This collection consists of artwork, association items, manuscripts, correspondence, printed items, and original blocks related
to the activities of Paul Landacre and his work as an illustrator.
Paul Hambleton Landacre was born in Columbus, OH, on 9 July 1893. He attended Ohio State University as a horticulture major,
but a mysterious infection left him partly crippled and cut short his academic career. He moved to Southern California with
his widowed father in 1916 and took work as a commercial illustrator. From 1923 to 1925 he attended Otis Art Institute, and
in the latter year married Margaret McCreery. His increasing skill at wood engraving and linocut, particularly of natural
and landscape subjects, was first recognized by the bookseller Jake Zeitlin. During the 30s he produced editions of single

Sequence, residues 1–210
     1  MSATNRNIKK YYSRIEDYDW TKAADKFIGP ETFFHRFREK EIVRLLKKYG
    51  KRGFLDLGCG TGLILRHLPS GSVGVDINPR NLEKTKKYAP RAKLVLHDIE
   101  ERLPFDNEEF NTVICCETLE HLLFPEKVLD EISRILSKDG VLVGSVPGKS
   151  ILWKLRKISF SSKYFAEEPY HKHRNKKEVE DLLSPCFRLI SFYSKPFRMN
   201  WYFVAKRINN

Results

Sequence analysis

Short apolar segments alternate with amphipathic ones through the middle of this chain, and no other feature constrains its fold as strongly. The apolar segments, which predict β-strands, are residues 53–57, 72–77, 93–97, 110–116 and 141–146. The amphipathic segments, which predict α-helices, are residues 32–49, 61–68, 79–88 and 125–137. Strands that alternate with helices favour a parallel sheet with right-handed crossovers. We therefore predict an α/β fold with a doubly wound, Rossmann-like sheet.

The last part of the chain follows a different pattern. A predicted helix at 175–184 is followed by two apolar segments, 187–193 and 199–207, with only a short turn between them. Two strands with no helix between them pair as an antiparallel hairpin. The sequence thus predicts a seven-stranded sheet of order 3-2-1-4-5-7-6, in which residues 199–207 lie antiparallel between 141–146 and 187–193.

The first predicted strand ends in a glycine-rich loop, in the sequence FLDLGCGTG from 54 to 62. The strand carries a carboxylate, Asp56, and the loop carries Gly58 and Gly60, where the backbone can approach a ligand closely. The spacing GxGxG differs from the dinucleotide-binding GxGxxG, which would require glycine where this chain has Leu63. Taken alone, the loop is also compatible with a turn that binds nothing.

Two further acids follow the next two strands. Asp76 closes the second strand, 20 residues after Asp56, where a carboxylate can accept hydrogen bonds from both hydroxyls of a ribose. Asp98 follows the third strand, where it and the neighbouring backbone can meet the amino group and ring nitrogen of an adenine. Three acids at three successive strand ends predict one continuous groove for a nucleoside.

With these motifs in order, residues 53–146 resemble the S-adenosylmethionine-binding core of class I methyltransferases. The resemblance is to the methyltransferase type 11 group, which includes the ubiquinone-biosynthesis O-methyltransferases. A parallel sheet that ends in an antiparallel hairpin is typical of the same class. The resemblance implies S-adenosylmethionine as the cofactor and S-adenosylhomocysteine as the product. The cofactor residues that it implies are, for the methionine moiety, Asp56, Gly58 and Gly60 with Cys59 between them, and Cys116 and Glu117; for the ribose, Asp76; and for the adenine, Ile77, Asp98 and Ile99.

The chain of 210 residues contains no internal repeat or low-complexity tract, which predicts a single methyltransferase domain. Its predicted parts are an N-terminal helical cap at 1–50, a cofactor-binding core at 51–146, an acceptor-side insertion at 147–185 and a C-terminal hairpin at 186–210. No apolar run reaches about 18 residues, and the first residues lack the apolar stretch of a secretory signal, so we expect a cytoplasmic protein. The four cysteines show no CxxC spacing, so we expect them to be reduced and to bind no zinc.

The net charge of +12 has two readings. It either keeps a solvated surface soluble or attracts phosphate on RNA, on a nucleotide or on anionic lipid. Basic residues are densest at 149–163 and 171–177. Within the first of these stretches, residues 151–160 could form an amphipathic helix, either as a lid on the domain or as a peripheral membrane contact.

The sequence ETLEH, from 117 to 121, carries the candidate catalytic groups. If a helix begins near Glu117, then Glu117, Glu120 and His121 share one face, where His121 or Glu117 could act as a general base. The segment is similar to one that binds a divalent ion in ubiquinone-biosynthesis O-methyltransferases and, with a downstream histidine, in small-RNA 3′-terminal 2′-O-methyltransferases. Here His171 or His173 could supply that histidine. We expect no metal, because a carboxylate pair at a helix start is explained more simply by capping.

prints, and illustrations for books published mostly by local fine presses. Consistently short of money, Landacre was nevertheless
able in 1932 to purchase a home on El Moran Street in Los Angeles, where he and his wife lived for the rest of their lives.
He derived some income from the Landacre Association, a subscription scheme organized by his friends. Increasing commissions
for book illustrations from about 1942 drew his attention away from art prints. The most notable books containing his work
are California Hills (1931), The Boar and Shibboleth (1933), five books by Donald Culross Peattie (1939-53), Tales of Soldiers
and Civilians (1943), De Rerum Natura (1957), and On the Origin of Species (1963; the latter three titles from the Limited
Editions Club). From 1953 until his death he taught a course at Otis Art Institute. In 1963 his wife died. Four weeks later
he committed suicide.
Copyright has not been assigned to the William Andrews Clark Memorial Library, UCLA. All requests for permission to publish
or quote from manuscripts must be submitted in writing to the Clark Librarian. Permission for publication is given on behalf
of the William Andrews Clark Memorial Library, UCLA as the owner of the physical items and is not intended to include or imply
permission of the copyright holder, which must also be obtained.